By Rebecca Hahn. (Atheneum, 256 pages, $17.99, grades seven and up.)

Chloe spins the wool and shapes the thread that is a life; her older sisters measure the thread and cut it where it ends. Together, they are the three fates: Their handiwork is your destiny. They cannot interfere with mortal lives; their job is only to know. But when a beautiful young girl appears at their doorstep, her village ravaged, her family gone, the sisters cannot help but become invested in her future — a dangerous attachment that threatens to overturn the whole world. More than a fairy tale, Rebecca Hahn's otherworldly novel is a haunting meditation on what makes us human.

By William Alexander. (Margaret K. McElderry Books/Simon & Schuster, 272 pages, $16.99, middle grade.)

With the sequel to last year's "Ambassador," National Book Award winner William Alexander brings readers back to outer space — where Gabe Fuentes, ambassador of Earth, is trying to navigate a galactic diplomatic crisis: The ruthless Outlast are threatening to take over the entire galaxy. But Gabe, a hero to root for and the anchor of the novel's complicated plot, has more on his mind than saving the civilization — back on Earth, his dad has been deported from the United States to Mexico, and all Gabe really wants to do is find him.

By Margi Preus. (Amulet Books/Abrams, 335 pages, $16.95, middle grade.)

It's 1853, and 13-year-old Yoshi dreams of someday becoming a samurai — an impossibility, given that he's just a servant. But when Commodore Perry's British ships arrive at Edo Bay, asking for the long isolated country to open its ports, Japan is thrown into upheaval, and Yoshi embarks on an epic adventure that will lead him to places (and people) he never could have imagined. A sure-footed tale of friendship and intrigue, the companion book to the Newbery Honor-winning "Heart of a Samurai" brings history to life.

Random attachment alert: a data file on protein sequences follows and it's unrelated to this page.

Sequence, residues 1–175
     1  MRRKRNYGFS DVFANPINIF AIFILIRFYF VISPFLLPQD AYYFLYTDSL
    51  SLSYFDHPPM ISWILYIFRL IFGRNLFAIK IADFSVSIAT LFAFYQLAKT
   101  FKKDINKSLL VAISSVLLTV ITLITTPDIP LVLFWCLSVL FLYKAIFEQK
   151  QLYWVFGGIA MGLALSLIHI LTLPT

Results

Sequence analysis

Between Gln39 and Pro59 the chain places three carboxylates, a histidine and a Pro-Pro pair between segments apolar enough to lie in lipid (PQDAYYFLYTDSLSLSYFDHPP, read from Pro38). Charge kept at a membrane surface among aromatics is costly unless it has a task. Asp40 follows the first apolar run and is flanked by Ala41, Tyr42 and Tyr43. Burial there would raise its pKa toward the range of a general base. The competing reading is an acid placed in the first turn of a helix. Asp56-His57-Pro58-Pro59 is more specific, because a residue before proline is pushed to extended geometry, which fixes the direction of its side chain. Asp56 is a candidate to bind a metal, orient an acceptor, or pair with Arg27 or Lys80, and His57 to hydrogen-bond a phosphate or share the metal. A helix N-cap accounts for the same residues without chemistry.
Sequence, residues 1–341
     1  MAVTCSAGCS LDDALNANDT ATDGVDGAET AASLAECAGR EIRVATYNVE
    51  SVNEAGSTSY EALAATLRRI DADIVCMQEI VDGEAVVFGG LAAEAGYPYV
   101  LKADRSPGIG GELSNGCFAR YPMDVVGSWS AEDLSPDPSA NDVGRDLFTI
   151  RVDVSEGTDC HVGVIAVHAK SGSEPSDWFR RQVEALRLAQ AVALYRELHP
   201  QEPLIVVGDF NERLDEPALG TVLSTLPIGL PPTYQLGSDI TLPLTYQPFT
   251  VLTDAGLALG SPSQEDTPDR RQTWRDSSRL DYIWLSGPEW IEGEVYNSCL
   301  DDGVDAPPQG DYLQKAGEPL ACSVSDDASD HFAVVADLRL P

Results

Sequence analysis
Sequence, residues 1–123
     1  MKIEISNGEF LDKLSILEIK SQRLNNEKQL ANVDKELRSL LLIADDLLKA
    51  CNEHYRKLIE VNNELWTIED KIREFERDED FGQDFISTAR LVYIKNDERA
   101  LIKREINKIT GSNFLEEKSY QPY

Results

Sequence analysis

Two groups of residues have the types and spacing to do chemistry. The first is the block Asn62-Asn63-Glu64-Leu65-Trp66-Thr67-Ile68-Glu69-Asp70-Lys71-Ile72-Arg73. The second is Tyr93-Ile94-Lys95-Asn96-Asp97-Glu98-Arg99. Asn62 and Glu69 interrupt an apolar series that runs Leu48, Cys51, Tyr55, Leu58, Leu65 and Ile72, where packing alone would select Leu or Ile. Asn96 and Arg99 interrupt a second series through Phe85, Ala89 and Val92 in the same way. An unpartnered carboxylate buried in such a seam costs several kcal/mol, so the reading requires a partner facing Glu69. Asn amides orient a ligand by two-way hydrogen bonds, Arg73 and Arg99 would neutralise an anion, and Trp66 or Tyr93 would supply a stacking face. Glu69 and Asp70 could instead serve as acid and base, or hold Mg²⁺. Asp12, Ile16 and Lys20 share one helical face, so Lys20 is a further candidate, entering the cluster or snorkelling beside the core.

Margi Preus will read at 7 p.m. Dec. 5 at Addendum Books, 478 S. Cleveland Av., St. Paul.

By George Saunders; illustrated by Lane Smith. (Random House, 84 pages, $22, all ages.)

Kindhearted, bizarre and delightful, Saunders' profound — and profoundly witty — fable tells the story of a girl named Capable who lives in the goat-herding town of Frip. Hordes of bright-orange creatures called gappers attach themselves to the goats, and every day Capable and her neighbors must remove them. But one day, the gappers switch their strategy, and Capable finds herself alone — and surrounded by neighbors who can't be bothered to help. Fifteen years after its release, this new edition has never been more relevant.

Saunders will read at 7 p.m. Dec. 7 at Macalester College. Presented by Rain Taxi Review and Common Good Books. Tickets are $5.

By David Oppegaard. (Flux, 312 pages, $11.99, grades nine and up.)

Mack Druneswald, 18-year-old slacker and possibly the most affable arsonist in literary history, has a firebug in his chest: Since his mother's recent death, roving through the night setting fires has become less a hobby than a compulsion — which, Mack would be the first to admit, is less than ideal. More ideal: his unexpected relationship with an impossibly cool college girl who has her own set of issues to deal with. This darkly comic coming-of-age story with tremendously likable characters also packs a serious emotional punch.

Oppegaard will read at 7 p.m. Dec. 9 at Bad Weather Brewing, 414 W. 7th St., St. Paul.

Rachel Sugar is a writer in New York.